J. Embryol. exp. Morph. 85,285-294 (1985)
Printed in Great Britain © The Company of Biologists Limited 1985
The cell lineage of the muscles of the Drosophila head
Molecular Biology Unit, Tata Institute of Fundamental Research, Homi Bhabha
Road, Colaba, Bombay 400005, India
Using a cell marker mutation the cell lineage of the muscles of the Drosophila head are traced
out. Three sets of muscles separated by lineage restrictions are observed, even when cells are
marked as early as the blastoderm stage. Each set underlies the derivatives of one of the three
pairs of imaginal discs which differentiate to form the epidermis of the adult head. Clones of the
homoeotic mutation engrailed (en10) were apparently normal in the muscles of the head. The
muscle clone frequency, at the blastoderm stage, in each hemisegment of the fly is similar,
indicating an equal partitioning of cells during segmentation.
The study of marked clones of cells by genetically labelling their precursors has
yielded valuable insights into the nature of development of the insect epidermis
(see Lawrence, 1981a, for a recent review). It is relevant to ask whether the
principles and hypotheses that have resulted from these studies have any general
value in understanding how complex organisms are constructed. With this in mind
Lawrence and his colleagues (Lawrence, 1982; Lawrence & Brower, 1982;
Lawrence & Johnston, 1982) have studied the development of the muscles of
Drosophila and have traced out the cell lineage of the adult thorax and abdomen.
We report here the cell lineage of the muscles of the head of the adult fly and test
the role of engrailed10 (Kornberg, 1981a) in these muscles.
Our results suggest that the precursors of the muscles of the head and the
precursors of the epidermis of the head, though of separate clonal origins, are
partioned together early in development in a specific manner.
Preparation of muscle whole mounts
Dissected preparations of thoracic, abdominal or cephalic muscles were visualized in whole
mounts. Heads or thoraces were dissected in Ringer's solution stained for succinate dehydrogenase (sdh) activity as described below, fixed for 15 min in ammoniacal alcohol, dehydrated in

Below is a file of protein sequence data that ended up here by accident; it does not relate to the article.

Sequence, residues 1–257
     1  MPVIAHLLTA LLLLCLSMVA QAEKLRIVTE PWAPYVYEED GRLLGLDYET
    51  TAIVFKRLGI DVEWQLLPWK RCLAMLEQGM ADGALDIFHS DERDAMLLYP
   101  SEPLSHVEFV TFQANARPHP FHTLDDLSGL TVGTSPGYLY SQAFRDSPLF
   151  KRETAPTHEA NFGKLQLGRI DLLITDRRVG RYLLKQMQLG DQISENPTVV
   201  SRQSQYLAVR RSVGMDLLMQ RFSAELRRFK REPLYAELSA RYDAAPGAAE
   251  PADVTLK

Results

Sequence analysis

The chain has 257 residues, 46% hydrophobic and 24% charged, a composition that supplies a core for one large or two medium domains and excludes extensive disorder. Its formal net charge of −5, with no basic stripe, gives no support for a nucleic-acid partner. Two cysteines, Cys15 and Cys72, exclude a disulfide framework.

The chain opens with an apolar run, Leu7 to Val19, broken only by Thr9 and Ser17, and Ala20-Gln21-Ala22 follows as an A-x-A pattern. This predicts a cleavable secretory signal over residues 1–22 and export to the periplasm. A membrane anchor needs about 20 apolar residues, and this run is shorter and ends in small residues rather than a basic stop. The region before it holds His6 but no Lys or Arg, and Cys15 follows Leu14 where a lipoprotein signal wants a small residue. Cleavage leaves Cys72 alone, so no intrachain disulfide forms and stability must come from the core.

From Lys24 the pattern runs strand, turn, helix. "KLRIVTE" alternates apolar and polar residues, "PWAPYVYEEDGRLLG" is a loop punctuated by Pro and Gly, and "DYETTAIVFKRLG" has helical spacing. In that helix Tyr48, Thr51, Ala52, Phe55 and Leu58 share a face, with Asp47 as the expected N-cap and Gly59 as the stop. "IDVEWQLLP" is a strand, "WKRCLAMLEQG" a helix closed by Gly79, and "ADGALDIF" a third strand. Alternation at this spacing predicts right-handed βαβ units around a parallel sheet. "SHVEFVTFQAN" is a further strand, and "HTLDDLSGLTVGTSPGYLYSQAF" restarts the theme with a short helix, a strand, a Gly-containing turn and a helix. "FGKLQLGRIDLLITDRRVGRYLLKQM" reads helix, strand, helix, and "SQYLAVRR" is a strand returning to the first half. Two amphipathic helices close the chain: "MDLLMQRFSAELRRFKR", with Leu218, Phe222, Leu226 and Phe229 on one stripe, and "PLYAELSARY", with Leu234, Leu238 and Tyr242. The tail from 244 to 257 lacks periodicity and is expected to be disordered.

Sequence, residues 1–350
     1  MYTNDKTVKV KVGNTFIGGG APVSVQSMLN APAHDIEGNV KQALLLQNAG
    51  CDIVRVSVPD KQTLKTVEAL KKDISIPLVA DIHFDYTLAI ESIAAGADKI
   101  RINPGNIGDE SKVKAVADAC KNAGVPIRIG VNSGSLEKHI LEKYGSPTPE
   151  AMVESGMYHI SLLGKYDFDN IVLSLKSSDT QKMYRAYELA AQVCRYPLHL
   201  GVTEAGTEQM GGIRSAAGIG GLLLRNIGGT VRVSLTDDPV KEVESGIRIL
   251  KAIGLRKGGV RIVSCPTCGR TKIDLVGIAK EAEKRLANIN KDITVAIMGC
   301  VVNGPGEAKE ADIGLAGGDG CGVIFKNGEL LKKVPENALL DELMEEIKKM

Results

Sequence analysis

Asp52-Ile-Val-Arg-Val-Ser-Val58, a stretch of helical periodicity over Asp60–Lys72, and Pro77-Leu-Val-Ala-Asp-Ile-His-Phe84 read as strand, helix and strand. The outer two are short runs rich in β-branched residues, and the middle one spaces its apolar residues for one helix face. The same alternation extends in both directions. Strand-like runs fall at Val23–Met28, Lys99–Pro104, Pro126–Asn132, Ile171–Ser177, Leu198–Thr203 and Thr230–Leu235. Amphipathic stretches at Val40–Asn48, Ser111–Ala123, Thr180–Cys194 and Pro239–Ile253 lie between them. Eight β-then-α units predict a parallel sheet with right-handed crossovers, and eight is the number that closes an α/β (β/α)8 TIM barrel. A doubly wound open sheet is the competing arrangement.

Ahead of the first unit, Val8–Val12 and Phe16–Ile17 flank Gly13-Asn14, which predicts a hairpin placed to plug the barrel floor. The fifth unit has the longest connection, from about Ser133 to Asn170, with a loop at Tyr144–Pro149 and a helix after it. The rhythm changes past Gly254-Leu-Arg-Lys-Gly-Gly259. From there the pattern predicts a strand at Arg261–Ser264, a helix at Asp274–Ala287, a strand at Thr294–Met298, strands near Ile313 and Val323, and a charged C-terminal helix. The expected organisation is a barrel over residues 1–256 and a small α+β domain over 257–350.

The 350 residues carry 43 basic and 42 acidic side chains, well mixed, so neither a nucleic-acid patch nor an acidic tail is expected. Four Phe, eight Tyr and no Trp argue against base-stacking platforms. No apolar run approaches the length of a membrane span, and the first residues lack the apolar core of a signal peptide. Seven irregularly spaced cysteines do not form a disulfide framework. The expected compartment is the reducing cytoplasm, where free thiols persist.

absolute alcohol, cleared in methyl salicylate for 10-30min (it is important not to exceed this
time) and mounted in Struhl's mounting medium (Struhl, 1981a).
* Present address: Division of Biology, California Institute of Technology, Pasadena,
California, 91125, USA.
Key words: Drosophila, cell lineage, muscles, engrailed (en'°).
Clonal analysis: generating mitotic clones by X-irradiation
The cell lineage of the muscles of the Drosophila head was traced by inducing clones of cells
homozygous for sdh8 (Lawrence, 1981b), a mutation which affects the activity of succinate
dehydrogenase. X-irradiation of dividing cells of the genotype sdh8 M(2)c+/sdh+ M(2)c33a can
yield, by appropriate mitotic recombination, a daughter cell homozygous for sdh8. Cells of the
genotype sdh8 M(2)c+/sdh8 M(2)+, thus generated, will compete with and have a growth
advantage over cells of the parental genotype sdh8 M(2)c+/sdh+ M(2)c33a (The 'Minute'
technique, Morata & Ripoll, 1975). Some of the M(2)c+ cells will thus demarcate the
boundaries of lineage restrictions, if they exist, en sdh8 bw/CyO females were crossed to en
bwM(2)c33a/bwV32g males. Eggs were collected in carefully timed batches and irradiated at
various times during development (Lawrence, 1982). en bwM(2)c33a/cn sdh8 bw progeny from
the above cross were collected. Their heads were cut away from the thoraces, dissected open
and stained overnight in sdh staining solution (Lawrence, 1981b) after incubation in Ringer's
solution for 45min at 48 °C. The procedure for staining the thoraces and abdomens were as
described in Lawrence (1982) and Lawrence & Johnston (1982), respectively. In some cases the